Franz Kaka is proud to present Spring Now Comes Unheralded, a solo exhibition by New York-based Canadian artist Stephanie Temma Hier. In this new body of sculptural wall work, Hier engages the history of ceramic vessels to address themes of food production and consumption, filling her frames with stock-piled images harvested from the Internet. Hier’s practice mines the abundant yet fleeting resource of digitized imagery, fixing them to canvas against which ceramic interventions assert their own, and painting’s, sculptural presence.
The recent addition of a kiln to Hier’s studio has provided new opportunities for material experimentation, allowing her to mix her own glazes while fostering a deeper connection with the medium’s history. Ceramics have long been used as a means of re-articulating their maker’s immediate lived world, gestures that replicate and aestheticize natural forms for functional purposes, like food storage. An organic antecedent to this history is the bottle gourd (lagenaria siceraria), one of the world’s first domesticated plants, which quickly reached ubiquity for its versatility, being used as fishnet floats, musical instruments, symbolic ritual vessels, or light and durable food containers. Search an online collection for ‘gourd’ and the yield is high. Hier is particularly drawn to these examples, especially those which feature layers of woven rope and leather to make the ceramic gourd grow taller. Here, Hier reengages this technique in An oyster may be crossed in love (2020), weaving leather sculpture into stoneware that parallels the fishnet it contains and recalls the buoyancy of bottle gourds.
Hier’s interests also include recent animation histories, specifically referencing Czech New Wave claymation artist Jan Švankmajer in the exaggerated tongue of Heart and stomach of a king (2020). Švankmajer’s animated short film, Dimensions of Dialogue (Možnosti dialogu; 1983) features a scene in which surreal heads, reminiscent of Giuseppe Arcimboldo, cyclically devour and purge one another until foodstuffs and objects reduce into a reproducible figure of humanoid clay. It is an example of violent, gluttonous consumption. Yet there is a more passive model of food production already on the table: the bottle gourd. Crossing the Atlantic propelled by currents and winds, the buoyant bottle gourd was a vessel for its own seeds, arriving unheralded.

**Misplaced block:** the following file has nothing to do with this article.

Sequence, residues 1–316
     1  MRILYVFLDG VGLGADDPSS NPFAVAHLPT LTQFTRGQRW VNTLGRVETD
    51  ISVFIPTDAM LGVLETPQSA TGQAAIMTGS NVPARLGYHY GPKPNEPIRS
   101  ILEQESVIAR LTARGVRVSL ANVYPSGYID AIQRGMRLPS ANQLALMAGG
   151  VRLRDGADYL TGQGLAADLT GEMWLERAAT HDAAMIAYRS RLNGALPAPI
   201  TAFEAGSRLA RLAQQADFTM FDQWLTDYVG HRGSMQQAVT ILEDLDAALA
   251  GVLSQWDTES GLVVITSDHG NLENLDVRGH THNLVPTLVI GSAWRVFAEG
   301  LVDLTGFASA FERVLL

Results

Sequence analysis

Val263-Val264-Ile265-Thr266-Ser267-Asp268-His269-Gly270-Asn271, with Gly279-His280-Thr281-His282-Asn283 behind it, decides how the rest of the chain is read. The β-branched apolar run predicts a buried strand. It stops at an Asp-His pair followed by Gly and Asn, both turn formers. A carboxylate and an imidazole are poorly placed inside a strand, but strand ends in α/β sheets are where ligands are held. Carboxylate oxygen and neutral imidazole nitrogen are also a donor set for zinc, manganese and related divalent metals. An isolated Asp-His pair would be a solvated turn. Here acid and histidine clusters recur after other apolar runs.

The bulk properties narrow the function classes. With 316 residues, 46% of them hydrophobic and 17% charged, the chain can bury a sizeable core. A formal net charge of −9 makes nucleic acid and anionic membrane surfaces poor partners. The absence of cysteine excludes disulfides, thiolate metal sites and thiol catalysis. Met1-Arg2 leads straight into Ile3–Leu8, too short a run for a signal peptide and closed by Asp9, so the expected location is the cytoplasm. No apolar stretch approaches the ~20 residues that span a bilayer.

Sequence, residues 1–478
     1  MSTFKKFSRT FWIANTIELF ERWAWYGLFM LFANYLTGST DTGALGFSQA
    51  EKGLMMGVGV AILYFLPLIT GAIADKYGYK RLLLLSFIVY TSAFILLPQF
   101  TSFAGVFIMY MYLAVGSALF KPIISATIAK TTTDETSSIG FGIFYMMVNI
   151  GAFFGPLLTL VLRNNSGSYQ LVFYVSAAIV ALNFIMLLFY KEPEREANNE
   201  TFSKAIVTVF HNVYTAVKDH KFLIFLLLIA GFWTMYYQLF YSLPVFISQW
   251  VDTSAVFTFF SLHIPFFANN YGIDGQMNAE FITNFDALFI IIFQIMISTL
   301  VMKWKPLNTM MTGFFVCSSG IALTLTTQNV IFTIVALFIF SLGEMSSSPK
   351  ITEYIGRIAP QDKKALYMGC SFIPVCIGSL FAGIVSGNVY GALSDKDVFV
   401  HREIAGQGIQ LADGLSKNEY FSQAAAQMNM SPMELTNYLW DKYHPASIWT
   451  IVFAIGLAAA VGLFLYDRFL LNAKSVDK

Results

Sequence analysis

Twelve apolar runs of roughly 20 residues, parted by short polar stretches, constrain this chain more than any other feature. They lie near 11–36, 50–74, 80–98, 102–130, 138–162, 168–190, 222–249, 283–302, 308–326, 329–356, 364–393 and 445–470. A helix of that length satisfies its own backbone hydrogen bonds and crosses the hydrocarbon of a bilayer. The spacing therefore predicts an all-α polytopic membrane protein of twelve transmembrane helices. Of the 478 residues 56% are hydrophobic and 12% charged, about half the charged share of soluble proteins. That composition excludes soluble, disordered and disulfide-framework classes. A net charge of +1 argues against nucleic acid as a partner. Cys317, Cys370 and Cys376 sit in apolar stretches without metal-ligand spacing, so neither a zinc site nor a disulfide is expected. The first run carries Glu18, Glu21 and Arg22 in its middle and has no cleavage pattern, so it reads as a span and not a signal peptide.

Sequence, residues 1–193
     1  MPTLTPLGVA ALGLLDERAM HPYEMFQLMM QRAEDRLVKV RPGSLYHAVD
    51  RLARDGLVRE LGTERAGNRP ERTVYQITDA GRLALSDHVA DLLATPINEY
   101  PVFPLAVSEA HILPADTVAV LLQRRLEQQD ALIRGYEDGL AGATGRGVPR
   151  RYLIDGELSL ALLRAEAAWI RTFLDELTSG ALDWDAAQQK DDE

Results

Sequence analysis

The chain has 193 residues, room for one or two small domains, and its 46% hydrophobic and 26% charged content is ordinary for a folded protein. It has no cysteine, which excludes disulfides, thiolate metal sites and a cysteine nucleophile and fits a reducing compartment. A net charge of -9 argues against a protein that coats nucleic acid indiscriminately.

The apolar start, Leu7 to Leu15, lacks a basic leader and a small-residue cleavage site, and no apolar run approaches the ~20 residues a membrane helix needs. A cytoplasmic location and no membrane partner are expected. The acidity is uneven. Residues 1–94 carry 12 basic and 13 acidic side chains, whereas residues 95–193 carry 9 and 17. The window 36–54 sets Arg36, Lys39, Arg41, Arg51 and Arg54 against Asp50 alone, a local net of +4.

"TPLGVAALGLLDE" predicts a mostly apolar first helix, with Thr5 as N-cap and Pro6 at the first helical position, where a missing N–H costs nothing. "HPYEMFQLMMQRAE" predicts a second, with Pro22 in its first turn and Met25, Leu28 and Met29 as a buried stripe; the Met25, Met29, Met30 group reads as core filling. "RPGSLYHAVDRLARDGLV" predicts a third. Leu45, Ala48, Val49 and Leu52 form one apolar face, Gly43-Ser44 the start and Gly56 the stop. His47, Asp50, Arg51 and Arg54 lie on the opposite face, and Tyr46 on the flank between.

- Clara Puton, 2020
Stephanie Temma Hier (b. 1992, Toronto, Canada) lives and works in New York. She holds a BFA from the Ontario College of Art and Design University, Toronto, and studied at the Academy of Art Canada, Toronto. She has produced solo and two person exhibitions at Y2K Group (New York), David Dale (Glasgow), Downs and Ross (New York), Neochrome Gallery (Turin), Three Four Three Four (New York), Ed. Varie Gallery at NADA (New York) and Johannes Vogt (New York). Hier has exhibited at international venues including, Antoine Ertaskiran (Montreal), Thierry Goldberg (New York), Plus One Gallery (Antwerp), Anonymous Gallery (Mexico City), Bureau (New York), The Kitchen (New York), Museo della Frutta (Turin), The Power Plant (Toronto), and Art Gallery of Ontario (Toronto). She is the recipient of multiple grants from Canada Council for the Arts and the Elizabeth Greenshields Foundation, and has participated in residencies at Hospitalfield (Scotland), Shandaken: Stormking (New York), and Salon Nino Mier (Cologne). Hier was a finalist for the RBC Painting competition in 2016 and 2018.
The artist dedicates this exhibition to the memory of her dear friend Emma Youd.